A government report recommends the island of Bermuda legalize medical marijuana and decriminalize the drug for personal use.
It’s another sign of coming liberalization in the Caribbean and Latin America, the focus of much of the world’s hopes for drug policy reform. From Jamaica and Mexico to St. Vincent and Uruguay, the region is set to join the cutting edge.
The Bermuda government commissioned the report from the Cannabis Reform Collaborative. The group reviewed the drug laws of the British territory, starting in December, and determined that prosecutions for non-violent marijuana offenses were swamping the justice system and disproportionately affecting the non-white population.
The report recommends removing criminal penalties for adults over 21 caught with small amounts of weed, with an eye toward eventual legalization of the industry. It suggests raising the drinking age from 18 to 21 to match the age for marijuana.
The commission also called for the Bermuda government to adopt medical cannabis. Pot, it said, is “gaining global prominence” as a medicine, and the government should immediately allow its use with a prescription.
Michael Dunkley, Bermuda’s national security minister, submitted the report to the National Assembly May 9. He urged lawmakers to take its recommendations seriously and said any changes would be made in a “measured fashion.”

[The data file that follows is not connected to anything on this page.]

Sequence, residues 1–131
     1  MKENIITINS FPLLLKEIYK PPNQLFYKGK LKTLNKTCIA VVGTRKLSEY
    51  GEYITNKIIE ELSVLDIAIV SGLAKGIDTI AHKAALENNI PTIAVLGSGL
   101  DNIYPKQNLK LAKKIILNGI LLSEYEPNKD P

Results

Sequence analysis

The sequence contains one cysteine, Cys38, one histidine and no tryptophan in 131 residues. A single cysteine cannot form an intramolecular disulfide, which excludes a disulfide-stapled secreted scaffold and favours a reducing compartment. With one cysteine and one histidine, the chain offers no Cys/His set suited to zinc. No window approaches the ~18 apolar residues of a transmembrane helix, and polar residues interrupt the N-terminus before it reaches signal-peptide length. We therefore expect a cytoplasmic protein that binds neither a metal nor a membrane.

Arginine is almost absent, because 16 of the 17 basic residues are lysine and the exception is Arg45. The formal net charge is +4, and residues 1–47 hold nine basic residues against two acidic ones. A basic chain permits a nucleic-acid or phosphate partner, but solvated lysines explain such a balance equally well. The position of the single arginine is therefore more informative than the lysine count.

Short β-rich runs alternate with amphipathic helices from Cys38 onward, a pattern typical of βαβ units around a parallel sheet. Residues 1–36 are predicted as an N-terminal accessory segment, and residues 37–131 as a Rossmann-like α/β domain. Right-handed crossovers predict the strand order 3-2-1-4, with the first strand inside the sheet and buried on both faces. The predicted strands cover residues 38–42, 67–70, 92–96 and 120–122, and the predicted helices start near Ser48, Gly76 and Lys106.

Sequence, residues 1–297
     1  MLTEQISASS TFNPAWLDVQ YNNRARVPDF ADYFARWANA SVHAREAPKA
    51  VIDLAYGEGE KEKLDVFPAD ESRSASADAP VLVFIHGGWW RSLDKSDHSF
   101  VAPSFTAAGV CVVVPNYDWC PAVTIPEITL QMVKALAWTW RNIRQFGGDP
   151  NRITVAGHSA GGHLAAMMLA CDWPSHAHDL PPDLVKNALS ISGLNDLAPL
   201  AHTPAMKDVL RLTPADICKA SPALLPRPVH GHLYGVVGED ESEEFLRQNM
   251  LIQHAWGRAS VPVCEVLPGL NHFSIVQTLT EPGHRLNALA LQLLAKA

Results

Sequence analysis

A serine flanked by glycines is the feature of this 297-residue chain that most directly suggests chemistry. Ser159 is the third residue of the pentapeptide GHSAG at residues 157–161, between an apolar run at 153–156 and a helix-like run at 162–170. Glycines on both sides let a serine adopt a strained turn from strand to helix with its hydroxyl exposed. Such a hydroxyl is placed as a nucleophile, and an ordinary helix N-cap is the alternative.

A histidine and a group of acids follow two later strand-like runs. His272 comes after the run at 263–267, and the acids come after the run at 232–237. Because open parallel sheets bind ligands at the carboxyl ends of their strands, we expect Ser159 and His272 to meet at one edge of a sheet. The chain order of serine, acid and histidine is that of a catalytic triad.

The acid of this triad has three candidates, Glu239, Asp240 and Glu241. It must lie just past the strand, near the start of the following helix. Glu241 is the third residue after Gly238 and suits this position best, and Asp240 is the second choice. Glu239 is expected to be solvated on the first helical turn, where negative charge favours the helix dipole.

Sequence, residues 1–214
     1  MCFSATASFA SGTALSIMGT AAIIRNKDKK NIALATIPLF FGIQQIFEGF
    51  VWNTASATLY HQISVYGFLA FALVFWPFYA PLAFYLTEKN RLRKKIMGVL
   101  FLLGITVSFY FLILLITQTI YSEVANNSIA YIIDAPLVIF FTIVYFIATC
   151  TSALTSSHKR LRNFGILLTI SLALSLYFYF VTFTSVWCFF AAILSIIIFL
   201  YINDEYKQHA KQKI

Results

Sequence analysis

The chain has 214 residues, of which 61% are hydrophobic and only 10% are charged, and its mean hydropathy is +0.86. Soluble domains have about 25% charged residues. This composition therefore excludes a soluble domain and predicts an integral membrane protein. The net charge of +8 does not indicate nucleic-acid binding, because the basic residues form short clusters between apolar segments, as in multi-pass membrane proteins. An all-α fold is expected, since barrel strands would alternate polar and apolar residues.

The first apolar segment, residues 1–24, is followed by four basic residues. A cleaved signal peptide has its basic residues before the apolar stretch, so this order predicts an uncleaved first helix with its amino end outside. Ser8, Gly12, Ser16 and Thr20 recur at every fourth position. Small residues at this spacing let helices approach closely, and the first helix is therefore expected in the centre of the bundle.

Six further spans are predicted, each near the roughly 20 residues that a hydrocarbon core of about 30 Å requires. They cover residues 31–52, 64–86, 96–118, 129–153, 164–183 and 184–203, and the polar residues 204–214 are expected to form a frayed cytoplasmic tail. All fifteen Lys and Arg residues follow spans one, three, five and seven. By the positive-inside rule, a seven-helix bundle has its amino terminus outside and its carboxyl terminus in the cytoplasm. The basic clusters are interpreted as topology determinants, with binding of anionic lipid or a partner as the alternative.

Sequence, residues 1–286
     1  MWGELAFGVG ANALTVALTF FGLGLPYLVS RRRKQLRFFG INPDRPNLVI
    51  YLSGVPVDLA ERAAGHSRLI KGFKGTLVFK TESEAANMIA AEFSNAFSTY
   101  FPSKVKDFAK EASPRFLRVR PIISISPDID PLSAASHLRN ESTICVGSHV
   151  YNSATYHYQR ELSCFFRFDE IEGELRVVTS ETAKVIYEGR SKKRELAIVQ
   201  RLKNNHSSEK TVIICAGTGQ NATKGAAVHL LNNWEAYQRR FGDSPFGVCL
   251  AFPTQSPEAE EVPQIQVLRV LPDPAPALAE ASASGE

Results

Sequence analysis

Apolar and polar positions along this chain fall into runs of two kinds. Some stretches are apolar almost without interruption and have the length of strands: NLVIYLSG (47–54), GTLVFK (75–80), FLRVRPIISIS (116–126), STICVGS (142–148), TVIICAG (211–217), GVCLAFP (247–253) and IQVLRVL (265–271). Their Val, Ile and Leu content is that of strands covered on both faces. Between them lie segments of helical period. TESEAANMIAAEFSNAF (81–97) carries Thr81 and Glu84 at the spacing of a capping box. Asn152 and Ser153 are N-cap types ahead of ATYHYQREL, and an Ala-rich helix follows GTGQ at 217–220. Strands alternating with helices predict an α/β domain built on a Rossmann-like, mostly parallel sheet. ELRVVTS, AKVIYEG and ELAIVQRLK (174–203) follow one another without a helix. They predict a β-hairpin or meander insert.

Support for marijuana reform varies across the Caribbean. It’s strong in places like Jamaica, where the plant is an integral part of the local economy, and weaker in more conservative places.
Bermuda, a banking hub with a population of about 65,000, is socially conservative, relative to the rest of the region. But Stratton Hatfield, the commission’s chairman, said he thought there would be strong public support for the group’s recommendations.
“There’s no doubt that the world recognizes that our approach to drug demand and supply reduction has failed,” he said. “The war on drugs has done nothing but cripple the communities.”
Last year, the small South American nation of Uruguay became the first in the world to legalize recreational weed. The drug will go on sale in pharmacies there late this year.
Discussions about legalization are underway in several other countries. In Mexico, lawmakers are trying to make pot legal in the Federal District, which encompasses Mexico City. Jamaica could move to decriminalize as early as this year, and legalization may not be far off.
At a meeting of the 15-member Caribbean Group earlier this year, members touted marijuana reform as an inevitable part of the future for the region.
“It’s a concept whose time has come,” St. Vincent Prime Minister Ralph Gonsalves said in March. “We can’t proceed, frankly, with the drug . . . policies we have now had through the years.”